Wednesday, October 31, 2001
Debate focuses on riots, revival
By Gregory Korte
The Cincinnati Enquirer
Cincinnati mayoral candidates Charlie Luken and Courtis Fuller argued over the mayor's conduct during the April race riots, how best to revive neighborhoods and whether the city can attract qualified developers.
The two men who want to be Cincinnati's first directly elected mayor since 1925 met Tuesday night at the Cincinnati Museum Center for what was likely to be the only televised debate of the campaign.
Mayoral candidates Charlie Luken (left) Courtis Fuller meet in a televised debate a week before the election.|
(Craig Ruttle photo)
| ZOOM |
The hourlong debate was televised by WLWT-TV (Channel 5).
Mr. Luken, mayor since 1999, stressed his Cincinnati roots and experience.
There is no on-the-job training for the job of mayor of Cincinnati, he said.
Mr. Fuller, who has never held office, said his journey to the mayor's office is a walk of faith.
Leadership is not in a name. Leadership is in your soul, with passion, sacrifice and a vision.
The Cincinnati mayor's campaign has regional implications and is getting national attention.
Your vote will tell the entire world who we are and what we want to be, Mr. Fuller said.
Several of the questions focused on the April race riots and the Justice Department investigation into police practices.
Mr. Fuller criticized Mr. Luken for leaving a City Council committee meeting where citizens demanded answers about the police shooting of Timothy Thomas.
Had I been mayor, it wouldn't have happened to begin with, Mr. Fuller said, adding that he would have had discussions with people well before riots. You make sure dialogue is ongoing, so things don't erupt on one fateful day.
Mr. Luken defended his performance during the riots and said he had already tried to engage the city in a discussion about race relations.
I made a conscious decision to become the face of the city and made decisions day after day after day, he said. I did the very best I could under some very difficult circumstances.
Although the two have debated on radio, joint appearances have been rare. In fact, Mr. Luken said Tuesday the voters have been cheated because the number of face-to-face meetings have been limited.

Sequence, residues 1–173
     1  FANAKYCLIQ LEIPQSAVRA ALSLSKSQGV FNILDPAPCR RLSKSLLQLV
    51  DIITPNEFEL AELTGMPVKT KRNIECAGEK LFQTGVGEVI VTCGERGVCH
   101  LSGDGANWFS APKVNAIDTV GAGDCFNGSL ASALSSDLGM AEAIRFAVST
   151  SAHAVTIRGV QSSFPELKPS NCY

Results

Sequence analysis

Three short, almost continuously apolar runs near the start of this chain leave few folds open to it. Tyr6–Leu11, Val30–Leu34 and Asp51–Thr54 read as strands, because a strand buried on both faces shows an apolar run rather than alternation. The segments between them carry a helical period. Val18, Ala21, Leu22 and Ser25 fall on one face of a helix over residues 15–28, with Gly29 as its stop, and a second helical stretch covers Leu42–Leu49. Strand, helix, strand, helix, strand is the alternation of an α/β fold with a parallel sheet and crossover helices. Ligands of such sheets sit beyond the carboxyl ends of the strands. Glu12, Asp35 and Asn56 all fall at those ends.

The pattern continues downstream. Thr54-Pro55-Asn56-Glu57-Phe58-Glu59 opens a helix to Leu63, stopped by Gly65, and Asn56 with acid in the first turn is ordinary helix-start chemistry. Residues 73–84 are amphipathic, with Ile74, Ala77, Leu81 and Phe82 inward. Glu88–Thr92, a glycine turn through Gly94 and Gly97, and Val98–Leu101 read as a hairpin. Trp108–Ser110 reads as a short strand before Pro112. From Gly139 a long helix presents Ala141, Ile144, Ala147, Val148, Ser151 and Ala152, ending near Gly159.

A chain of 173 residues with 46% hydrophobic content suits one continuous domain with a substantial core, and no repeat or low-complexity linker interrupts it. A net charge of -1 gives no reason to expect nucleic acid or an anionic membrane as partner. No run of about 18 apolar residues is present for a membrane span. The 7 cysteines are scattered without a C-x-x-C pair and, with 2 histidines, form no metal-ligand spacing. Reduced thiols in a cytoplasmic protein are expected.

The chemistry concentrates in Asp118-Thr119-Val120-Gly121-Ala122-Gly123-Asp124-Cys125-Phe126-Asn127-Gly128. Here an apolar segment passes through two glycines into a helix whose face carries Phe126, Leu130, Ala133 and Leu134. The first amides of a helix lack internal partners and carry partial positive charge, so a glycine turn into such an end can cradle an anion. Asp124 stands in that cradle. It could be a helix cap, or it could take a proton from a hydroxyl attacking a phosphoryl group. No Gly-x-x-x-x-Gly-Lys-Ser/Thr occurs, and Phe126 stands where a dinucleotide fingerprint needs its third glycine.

Mr. Fuller responded that his campaign has been successful, noting his 16-point win in the Sept. 11 primary.
Mr. Luken spoke of the new, stronger powers of the mayor's office, underlined the importance of the election, and argued that he has the experience needed to lead the city.
In particular, he noted that the new enhanced powers of the mayor will make it easier for the city to lure developers and their projects to the city.
Mr. Fuller questioned whether the system is to blame or the people in it.
Mr. Fuller talked about his faith, the need for change and his commitment to a more inclusive, tolerant city.
A high point of the debate was in the final minutes, where each candidate had the opportunity to for the first time ask his opponent a question directly.
Mr. Luken asked Mr. Fuller about the curfew following the acquittal of Officer Stephen Roach in the death of Mr. Thomas. Do you still believe the curfew was a bad call, and why?
I was there, I never felt threatened, Mr. Fuller responded. I think a lot of people questioned and I do, too that the curfew was called when everyone was at home.
Then, Mr. Fuller asked his opponent to imagine he was looking into a little girl's eyes and assure her that the city will move forward on race relations.
Mr. Luken recited a list of steps he's taken this year: passing an anti-racial profiling ordinance, requesting a Justice Department investigation, and establishing a race relations commission.
So many people and, Courtis, I think you too only started paying attention when the events of April happened.
Mr. Luken, 50, is a former Cincinnati City Council member, congressman and news anchor. He has been mayor since 1999, by virtue of finishing first in the City Council elections.
Mr. Fuller, 44, left his job as a news anchor at WLWT-TV to run for office.
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